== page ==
top of page

Richard Berry Harrison

Richard Berry Harrison was an actor and teacher of the dramatic arts and elocution at several colleges including Branch Normal College, later AM&N and now UAPB. He was best-known for his performance as De Lawd in The Green Pastures, the first Broadway play to feature an all Black cast.

Image Credit:

Richard Berry Harrison was born on September 28, 1864, in London, Ontario, Canada, to Thomas L. Harrison and Ysobel Benton, who had escaped slavery through the Underground Railroad. Harrison’s mother named him Richard after seeing a performance of Shakespeare’s Richard III. Her interest in theater greatly influenced Harrison for the rest of his life.

During his childhood, Harrison attended plays at his local theater and got to know the actors. He recited poetry every chance he got, whether at church or school. 

In 1881, Harrison’s father died, making him the family’s main provider at the age of seventeen. He soon moved to Detroit, Michigan to work at the Russell House Hotel. While there, Harrison met Chambless Hull, a theater manager, who arranged for him to study at the Detroit Training School of Dramatic Art. At school, he was privately trained in dramatic studies by Edward Weitzel, a British drama coach and drama editor for the Detroit Free Press. 

After graduating, Harrison sought work as an actor, but he was rejected because of his race. Consequently, Harrison began touring the United States and Canada, putting on a one-man show and reciting poetry anywhere they would let him, including in tents, churches, and schools.  

In 1893, Harrison met and befriended renowned African American poet, Paul Laurence Dunbar in Chicago at the World’s Columbian Exposition. From 1892 to 1896, Harrison continued to travel around the United States, performing dramatic readings of Shakespeare and poetry written by his friend, Paul Laurence Dunbar. He even performed promotional tours for Dunbar’s first book, Oak and Ivy.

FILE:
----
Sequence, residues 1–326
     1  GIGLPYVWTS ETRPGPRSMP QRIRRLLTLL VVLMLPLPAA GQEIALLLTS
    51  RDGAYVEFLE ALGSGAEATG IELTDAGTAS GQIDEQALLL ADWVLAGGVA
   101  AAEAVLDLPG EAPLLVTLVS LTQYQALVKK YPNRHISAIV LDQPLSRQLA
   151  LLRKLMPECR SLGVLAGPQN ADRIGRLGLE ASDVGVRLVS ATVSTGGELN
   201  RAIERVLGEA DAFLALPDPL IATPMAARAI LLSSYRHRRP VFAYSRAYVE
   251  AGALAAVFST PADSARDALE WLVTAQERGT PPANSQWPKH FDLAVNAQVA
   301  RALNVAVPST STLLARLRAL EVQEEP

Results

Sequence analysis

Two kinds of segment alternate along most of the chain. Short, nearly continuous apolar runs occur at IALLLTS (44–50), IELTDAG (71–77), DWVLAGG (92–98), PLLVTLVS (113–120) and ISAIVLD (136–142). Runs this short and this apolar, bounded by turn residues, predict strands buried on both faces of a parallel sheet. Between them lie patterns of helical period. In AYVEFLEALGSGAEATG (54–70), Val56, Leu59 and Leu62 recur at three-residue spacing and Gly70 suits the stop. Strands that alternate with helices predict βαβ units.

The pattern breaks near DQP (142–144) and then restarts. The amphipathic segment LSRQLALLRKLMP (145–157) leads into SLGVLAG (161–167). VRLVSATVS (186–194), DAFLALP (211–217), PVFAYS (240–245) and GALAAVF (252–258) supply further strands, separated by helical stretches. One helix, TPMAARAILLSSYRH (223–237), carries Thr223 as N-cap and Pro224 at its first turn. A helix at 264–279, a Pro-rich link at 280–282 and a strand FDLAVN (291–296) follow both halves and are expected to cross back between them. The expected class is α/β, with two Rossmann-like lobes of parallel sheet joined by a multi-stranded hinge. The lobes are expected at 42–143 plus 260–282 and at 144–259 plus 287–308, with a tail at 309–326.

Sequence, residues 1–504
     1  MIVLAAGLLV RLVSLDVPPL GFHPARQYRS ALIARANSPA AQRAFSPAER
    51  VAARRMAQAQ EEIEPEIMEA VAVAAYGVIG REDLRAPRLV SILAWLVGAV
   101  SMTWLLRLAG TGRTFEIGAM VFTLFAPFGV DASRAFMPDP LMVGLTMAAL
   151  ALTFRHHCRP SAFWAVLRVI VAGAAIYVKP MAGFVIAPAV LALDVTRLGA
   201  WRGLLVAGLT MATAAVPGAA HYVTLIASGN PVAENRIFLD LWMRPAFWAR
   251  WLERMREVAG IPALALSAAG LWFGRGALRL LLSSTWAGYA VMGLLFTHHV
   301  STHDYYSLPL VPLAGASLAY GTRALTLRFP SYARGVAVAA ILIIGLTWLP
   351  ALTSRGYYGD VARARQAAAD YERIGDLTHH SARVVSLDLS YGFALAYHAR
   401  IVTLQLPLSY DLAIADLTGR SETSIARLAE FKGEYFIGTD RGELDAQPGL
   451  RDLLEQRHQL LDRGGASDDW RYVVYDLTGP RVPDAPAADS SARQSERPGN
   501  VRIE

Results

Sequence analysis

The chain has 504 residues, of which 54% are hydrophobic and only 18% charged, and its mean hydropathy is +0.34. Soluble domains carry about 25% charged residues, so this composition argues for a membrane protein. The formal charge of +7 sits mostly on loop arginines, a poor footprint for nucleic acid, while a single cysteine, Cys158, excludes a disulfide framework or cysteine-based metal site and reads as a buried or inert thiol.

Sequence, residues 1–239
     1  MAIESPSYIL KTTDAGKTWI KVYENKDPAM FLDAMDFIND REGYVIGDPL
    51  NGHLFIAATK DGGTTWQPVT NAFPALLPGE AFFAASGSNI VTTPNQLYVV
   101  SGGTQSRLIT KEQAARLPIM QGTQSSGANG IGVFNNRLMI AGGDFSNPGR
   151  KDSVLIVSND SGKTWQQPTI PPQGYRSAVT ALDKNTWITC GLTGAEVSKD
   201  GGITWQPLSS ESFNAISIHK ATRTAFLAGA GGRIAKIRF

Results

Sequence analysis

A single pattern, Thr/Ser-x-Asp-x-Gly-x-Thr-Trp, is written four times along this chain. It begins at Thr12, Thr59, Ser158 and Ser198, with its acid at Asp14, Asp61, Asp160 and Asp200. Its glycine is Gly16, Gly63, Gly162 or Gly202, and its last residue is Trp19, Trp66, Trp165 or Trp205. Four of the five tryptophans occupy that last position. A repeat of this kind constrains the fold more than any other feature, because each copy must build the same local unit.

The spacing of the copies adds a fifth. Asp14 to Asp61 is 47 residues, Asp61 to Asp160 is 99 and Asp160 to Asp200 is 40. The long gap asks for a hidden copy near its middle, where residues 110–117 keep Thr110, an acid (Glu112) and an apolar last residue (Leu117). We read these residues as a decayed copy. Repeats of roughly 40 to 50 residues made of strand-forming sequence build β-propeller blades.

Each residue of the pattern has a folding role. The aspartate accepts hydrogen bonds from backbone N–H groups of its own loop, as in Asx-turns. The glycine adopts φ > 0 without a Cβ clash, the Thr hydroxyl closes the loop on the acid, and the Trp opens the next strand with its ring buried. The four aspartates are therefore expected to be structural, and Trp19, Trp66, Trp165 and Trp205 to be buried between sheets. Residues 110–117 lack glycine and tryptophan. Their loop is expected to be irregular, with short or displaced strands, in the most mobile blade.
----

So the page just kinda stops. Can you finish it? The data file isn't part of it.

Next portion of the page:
In 1895, Harrison married Gertrude Janet Washington, who was the first African American to graduate from the Chicago Conservatory of Music. They had two children, Lawrence Gilbert and Marian Ysobel. 

Harrison continued to tour the United States, Canada, and Mexico under the sponsorship of the Great Western Lyceum Bureau of California. By 1913, he had performed at the Pekin, the first African-American-owned theater in Chicago. During this time, Harrison became well-known for his recitations by black and white audiences across the United States. While on tour, he saw the great desire and need for dramatic training in the African American community. Subsequently, he convinced James B. Dudley, the president of North Carolina Agricultural and Technical (A&T) College, of the need for a dramatic studies program. In the summer of 1922, he began teaching elocution and dramatics courses. Harrison also taught these same courses at the Branch Normal College, which was later renamed the Arkansas Agricultural, Mechanical, and Normal College (today known as the University of Arkansas at Pine Bluff). AM&N College would go on to name their first student acting guild “The Richard B. Harrison Dramatic Club.”

 Harrison later moved his family to New York, where he began reading and teaching in churches and performing on stage. Harrison was booked by the New York Federation of Churches, a lyceum that included 1,600 churches. 

In 1929, Harrison left North Carolina A&T College when he was offered the role of “De Lawd” in Marc Connelly’s play The Green Pastures. The Green Pastures opened on February 26, 1930, at Mansfield Theatre on Broadway. It told the story of the Old Testament and was the first Broadway play to feature an all-black cast. 

The show became extremely popular. It ran for 16 months and went on a national tour that appeared in more than 203 cities (including his hometown of London, Ontario, at the Grand Theatre). Harrison never missed a single one of the more than 1,650 shows.

Harrison’s portrayal of “De Lawd” was essential to the play's success, winning him additional success and acclaim as audiences loved the dignity and passion with which he played his character. In 1931, The Green Pastures playwright Connely won the Pulitzer Prize for Drama in no small part due to Harrison’s performance. 

In 1930, Harrison received the NAACP's Spingarn Medal for Distinguished Achievement. He also received honorary degrees from several colleges and universities. On his 70th birthday in 1934, he received 14 congratulatory telegrams from college and university presidents and seven from state governors. On March 4, 1935, Harrison was featured on the cover of Times magazine. Just ten days later, Harrison died of heart failure at the age of 71, right before a performance. 

Fifteen thousand people of all backgrounds came to pay their respects at Harrison's home the night before his funeral services. Two funeral services were held for Harrison. The first was at St. Philip’s Church in Harlem, New York. The second was at the Cathedral of St. John the Divine in Chicago, Illinois. Thousands of people came to his funerals to honor Harrison. He was buried at Lincoln Cemetery in Chicago. 


Written by: Ninfa O. Barnard

Recent Posts

See All


bottom of page